Walker Art Center

51° FFairVia Yahoo! Weather

Censorship in Colonial France: Returning the Gaze

Part of A Riff on the Rif: In the Spirit of the Cinematheque Tangier

This program of three films—Statues Also Die, Afrique 50, and Sand and Blood—is introduced by Joëlle Vitiello, Macalester College.

Statues Also Die (Les Statues Meurent Aussi)

Directed by Chris Marker and Alain Resnais

“As a poetic meditation on how we perceive, exploit, and sometimes destroy other cultures, this is essential viewing.” —Chicago Reader

Beginning with the quote, “When men die, they enter history. When statues die, they enter art. This botany of death is what we call culture,” this essay film pairs striking montages of statues and spectators with a meditation on art history and ways that African cultures and spaces have been consumed by white civilization. The film won the 1954 Prix Jean Vigo at the Cannes Film Festival for its deconstruction of how colonialism affects the perception of art, yet was banned by the French government until 1995 for said criticisms. 1953, France, in French with English subtitles, 30 minutes. 35mm print courtesy the Institut Français.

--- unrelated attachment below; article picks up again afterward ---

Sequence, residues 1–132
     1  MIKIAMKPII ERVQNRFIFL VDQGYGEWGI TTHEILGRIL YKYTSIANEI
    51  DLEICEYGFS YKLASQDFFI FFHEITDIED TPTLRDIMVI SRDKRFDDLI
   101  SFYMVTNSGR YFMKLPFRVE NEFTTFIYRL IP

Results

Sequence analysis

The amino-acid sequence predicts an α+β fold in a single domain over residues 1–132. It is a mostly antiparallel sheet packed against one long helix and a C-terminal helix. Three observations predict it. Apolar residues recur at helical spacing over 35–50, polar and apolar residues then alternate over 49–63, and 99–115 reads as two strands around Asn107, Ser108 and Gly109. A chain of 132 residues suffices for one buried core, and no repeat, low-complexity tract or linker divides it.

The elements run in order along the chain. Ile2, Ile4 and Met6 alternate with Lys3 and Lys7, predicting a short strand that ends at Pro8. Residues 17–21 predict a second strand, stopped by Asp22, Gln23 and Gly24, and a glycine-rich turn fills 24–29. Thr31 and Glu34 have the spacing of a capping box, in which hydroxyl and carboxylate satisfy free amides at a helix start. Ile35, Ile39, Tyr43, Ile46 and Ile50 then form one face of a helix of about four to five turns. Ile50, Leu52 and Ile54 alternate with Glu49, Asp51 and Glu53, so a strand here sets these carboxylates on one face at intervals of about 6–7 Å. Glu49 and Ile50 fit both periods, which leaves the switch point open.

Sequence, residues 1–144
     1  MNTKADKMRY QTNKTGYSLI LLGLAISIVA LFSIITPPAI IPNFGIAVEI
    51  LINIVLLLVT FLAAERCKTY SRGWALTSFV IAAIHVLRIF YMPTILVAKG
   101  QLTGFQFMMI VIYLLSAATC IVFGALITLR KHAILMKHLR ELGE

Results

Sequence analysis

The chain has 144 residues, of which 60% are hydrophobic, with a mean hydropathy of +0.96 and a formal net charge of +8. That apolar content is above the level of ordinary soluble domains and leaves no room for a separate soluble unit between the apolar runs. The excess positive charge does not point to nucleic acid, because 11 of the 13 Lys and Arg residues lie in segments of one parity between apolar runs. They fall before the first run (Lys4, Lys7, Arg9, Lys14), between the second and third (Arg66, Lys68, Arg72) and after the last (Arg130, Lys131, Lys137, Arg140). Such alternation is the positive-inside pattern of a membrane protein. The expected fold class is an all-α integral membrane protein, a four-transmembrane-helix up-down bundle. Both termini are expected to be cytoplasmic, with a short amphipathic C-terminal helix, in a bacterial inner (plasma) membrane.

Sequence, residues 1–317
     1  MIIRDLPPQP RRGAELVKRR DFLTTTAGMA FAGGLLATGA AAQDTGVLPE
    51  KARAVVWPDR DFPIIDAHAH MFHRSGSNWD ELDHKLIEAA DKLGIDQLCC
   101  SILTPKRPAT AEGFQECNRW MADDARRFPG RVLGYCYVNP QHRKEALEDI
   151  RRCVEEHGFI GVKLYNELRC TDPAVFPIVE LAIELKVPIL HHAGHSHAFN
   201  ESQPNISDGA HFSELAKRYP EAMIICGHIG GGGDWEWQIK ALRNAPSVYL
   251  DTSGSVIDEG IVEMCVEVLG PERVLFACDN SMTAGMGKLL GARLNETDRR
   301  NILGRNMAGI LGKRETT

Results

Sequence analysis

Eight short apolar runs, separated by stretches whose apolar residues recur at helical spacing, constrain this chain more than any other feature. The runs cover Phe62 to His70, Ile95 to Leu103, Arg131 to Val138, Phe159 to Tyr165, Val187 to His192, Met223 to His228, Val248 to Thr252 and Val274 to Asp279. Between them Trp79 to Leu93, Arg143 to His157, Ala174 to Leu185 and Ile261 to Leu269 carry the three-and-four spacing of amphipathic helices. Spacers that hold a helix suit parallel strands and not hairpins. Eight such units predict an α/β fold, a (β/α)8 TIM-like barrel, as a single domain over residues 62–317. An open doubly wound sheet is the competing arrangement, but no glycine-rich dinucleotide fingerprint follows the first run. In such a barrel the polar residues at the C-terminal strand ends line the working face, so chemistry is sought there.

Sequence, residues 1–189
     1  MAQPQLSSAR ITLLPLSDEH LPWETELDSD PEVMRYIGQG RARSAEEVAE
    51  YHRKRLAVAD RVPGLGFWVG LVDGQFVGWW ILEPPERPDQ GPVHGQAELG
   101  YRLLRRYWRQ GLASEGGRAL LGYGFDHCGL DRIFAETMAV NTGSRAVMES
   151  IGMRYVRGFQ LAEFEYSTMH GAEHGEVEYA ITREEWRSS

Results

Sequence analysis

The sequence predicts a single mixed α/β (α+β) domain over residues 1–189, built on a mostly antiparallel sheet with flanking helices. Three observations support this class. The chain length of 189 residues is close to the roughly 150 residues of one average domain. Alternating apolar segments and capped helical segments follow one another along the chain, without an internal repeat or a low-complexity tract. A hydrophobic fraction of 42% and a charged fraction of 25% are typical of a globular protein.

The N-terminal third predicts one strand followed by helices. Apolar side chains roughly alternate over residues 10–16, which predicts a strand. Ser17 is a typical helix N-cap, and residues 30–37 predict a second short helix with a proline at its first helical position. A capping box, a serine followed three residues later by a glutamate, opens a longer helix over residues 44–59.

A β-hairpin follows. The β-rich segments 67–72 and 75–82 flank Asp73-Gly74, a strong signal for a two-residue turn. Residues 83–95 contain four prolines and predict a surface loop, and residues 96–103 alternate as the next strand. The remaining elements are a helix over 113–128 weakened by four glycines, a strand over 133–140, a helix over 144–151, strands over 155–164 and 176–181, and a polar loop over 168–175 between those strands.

Afrique 50

Directed by René Vautier

“Vautier is an inspiring example of the militant filmmaker, an artist intent on marrying the praxis of shooting and political action.” —Little White Lies

Director René Vautier was sent to West Africa to cover the educational outreach of the French League of Schooling. What was meant to be a tribute to the benefits of colonization turned into a scathing exposé of the French rule when the then-21-year-old filmmaker witnessed horrible living conditions and violent acts committed by the army in the name of his home country. Afrique 50 is considered to be the first French anti-colonialist film, and was banned by the government until the 1990s. Vautier was also incarcerated for several months because of the film. 1950, France, in French with English subtitles, 17 minutes.

Sand and Blood (De Sable et de Sang)

Directed by Michel Le Thomas
Some 60 years after he made Afrique 50, Vautier is interviewed about his experiences in West Africa, missed connections between cultures, and the films that a young Mauritanian sent to him over the years until his tragic attempt at emigration to Europe. 2012, France, in French with English subtitles, 27 minutes.

Funding

Album: Cinematheque Tangier, a project by Yto Barrada is made possible by generous support from the Bentson Foundation.